The second setting that affects static variables is found in Edit / Project Settings / Editor. The Enter Play Mode Settings options are relatively new in Unity and control what happens when the user enters Play Mode. By default and in previous versions (or when the Reload Domain setting is enabled), Unity performs a domain reload before entering Play Mode which ensures that all static variables are reset to mimic the normal behavior when starting from a full build. Since this operation can be quite slow, Unity added an option to skip this step, but it is then up to the developer to ensure that static fields are properly reset.

So how does this affect runtime singleton implementations? If domain reloading is disabled, the static field that holds the singleton instance will persist between multiple Play Mode executions and possibly lead to bugs depending on the singleton's base type. Note that Unity's documentation suggests "fixing" this issue using an attribute that executes "reset" code when Play Mode starts, but this is incorrect in my opinion. This is an issue that occurs only in the editor and static fields could reference other instances resulting in uncollected garbage until Play Mode is started again. Another, bigger issue with their recommendation is that the attribute is not supported on generic types. For these reasons, the runtime implementations below clean up when Play Mode exits.

ScriptableObject-Based Editor Singletons

Since Unity will persist the state of ScriptableObject and MonoBehaviour derived classes across domain reloads, it makes sense to use one (or both) of these as a base class for singletons. Since ScriptableObjects have fewer restrictions on how and when they are created (MonoBehaviour components may only be created attached to a GameObject and those must live in a scene or prefab), they are a better candidate for editor plugins that don't require a GUI but need to persist state across domain reloads. It would be nice if Unity provided a base class for these types of plugins similar to the EditorWindow class but until they do, we're left to figure out how they should be properly implemented.

Ideally, we could simply take the previous example, derive from ScriptableObject, and call CreateInstance() instance of using new, but this would throw the following exception:

UnityException: CreateScriptableObjectInstanceFromType is not allowed to be called from a ScriptableObject constructor...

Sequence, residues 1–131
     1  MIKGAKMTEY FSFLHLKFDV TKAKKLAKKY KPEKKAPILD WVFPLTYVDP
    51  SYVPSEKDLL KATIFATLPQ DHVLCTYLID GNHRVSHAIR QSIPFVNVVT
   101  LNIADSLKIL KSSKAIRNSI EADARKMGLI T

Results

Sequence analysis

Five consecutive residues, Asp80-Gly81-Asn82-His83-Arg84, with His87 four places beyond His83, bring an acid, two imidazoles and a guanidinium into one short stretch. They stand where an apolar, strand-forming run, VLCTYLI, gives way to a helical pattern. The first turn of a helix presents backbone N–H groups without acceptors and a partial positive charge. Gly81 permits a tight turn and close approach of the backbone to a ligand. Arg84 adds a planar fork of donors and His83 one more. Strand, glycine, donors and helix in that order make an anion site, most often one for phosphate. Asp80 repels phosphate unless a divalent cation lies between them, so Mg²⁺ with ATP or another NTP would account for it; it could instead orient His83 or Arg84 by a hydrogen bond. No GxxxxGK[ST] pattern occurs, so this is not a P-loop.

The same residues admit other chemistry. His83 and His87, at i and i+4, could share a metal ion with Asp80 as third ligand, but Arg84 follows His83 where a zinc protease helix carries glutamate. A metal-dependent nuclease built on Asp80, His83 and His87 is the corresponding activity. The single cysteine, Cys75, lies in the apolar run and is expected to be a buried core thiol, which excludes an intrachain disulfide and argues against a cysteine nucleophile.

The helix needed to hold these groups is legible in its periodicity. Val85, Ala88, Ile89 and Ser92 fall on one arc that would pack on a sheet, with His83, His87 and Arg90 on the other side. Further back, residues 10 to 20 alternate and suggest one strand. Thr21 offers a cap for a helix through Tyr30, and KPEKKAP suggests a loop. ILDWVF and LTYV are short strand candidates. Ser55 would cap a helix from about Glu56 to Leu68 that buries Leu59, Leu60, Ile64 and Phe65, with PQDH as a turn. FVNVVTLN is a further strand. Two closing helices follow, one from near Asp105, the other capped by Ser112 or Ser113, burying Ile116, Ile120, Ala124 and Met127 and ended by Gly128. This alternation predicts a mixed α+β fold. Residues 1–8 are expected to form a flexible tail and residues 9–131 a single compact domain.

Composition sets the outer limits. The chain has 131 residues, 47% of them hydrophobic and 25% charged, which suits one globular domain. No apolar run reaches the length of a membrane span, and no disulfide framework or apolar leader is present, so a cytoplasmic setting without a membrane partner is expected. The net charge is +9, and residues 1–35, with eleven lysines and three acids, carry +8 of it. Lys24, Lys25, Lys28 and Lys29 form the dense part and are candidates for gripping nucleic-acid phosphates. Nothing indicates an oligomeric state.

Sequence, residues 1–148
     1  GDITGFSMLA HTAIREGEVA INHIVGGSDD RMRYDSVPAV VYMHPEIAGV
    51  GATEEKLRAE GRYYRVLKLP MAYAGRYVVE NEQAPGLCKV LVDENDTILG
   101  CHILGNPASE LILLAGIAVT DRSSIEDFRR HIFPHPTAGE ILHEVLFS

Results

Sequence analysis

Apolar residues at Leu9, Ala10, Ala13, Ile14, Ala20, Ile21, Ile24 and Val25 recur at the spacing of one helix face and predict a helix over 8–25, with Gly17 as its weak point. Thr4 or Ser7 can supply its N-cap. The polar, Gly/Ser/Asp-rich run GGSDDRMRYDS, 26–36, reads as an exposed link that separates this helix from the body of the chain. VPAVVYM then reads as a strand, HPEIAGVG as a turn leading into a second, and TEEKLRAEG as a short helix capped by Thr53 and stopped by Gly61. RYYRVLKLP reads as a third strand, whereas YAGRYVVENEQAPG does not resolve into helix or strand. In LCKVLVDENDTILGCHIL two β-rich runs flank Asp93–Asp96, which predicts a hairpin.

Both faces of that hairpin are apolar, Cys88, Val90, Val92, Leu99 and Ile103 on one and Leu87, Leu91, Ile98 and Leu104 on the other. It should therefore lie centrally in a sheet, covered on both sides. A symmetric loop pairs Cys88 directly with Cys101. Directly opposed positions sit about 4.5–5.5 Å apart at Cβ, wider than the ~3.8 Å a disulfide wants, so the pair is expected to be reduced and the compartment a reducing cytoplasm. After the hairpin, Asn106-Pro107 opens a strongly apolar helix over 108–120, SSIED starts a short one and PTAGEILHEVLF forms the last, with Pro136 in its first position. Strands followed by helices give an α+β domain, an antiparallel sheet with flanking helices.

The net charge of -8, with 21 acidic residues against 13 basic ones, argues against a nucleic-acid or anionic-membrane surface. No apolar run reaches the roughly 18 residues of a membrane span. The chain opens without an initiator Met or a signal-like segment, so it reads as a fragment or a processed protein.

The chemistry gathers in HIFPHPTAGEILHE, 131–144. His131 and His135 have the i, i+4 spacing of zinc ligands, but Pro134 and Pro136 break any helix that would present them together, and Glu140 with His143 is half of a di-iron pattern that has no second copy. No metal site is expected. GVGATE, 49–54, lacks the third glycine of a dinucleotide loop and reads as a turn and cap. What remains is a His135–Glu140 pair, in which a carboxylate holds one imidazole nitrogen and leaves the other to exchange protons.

This occurs because Unity has some pretty specific restrictions on when it allows the creation of their types (likely to avoid other initialization and threading issues) and this includes calls from class constructors or static field initializers. So the call to CreateInstance() needs to be deferred until later and to do that we need to delay the creation of the instance until it is safe to do so using a property getter similar to the 1st method in Jon's paper. Since there are a few more steps involved, I decided to make a generic base class for it:

EditorSingleton.cs
// Copyright 2021 by Hextant Studios. https://HextantStudios.com
// This work is licensed under CC BY 4.0. http://creativecommons.org/licenses/by/4.0/
using UnityEngine;

namespace Hextant.Editor
{
// ScriptableObject-based singleton for GUI-less editor plug-ins.
// Note: OnEnable() / OnDisable() should be used to register with any global
// events to properly support domain reloads.
public abstract class EditorSingleton<T> : ScriptableObject
where T : EditorSingleton<T>
{
// The singleton instance. (Not thread safe but fine for ScriptableObjects.)
public static T instance => _instance != null ? _instance : Initialize();
static T _instance;

// Finds or creates the singleton instance and stores it in _instance. This
// can be called from a derived type to ensure creation of the singleton
// using the [InitializeOnLoadMethod] attribute on a static method.
protected static T Initialize()
{
// If the instance is already valid, return it. Needed if called from a
// derived class that wishes to ensure the instance is initialized.
if( _instance != null ) return _instance;

// Find the existing instance or creates a new one.
var instances = Resources.FindObjectsOfTypeAll<T>();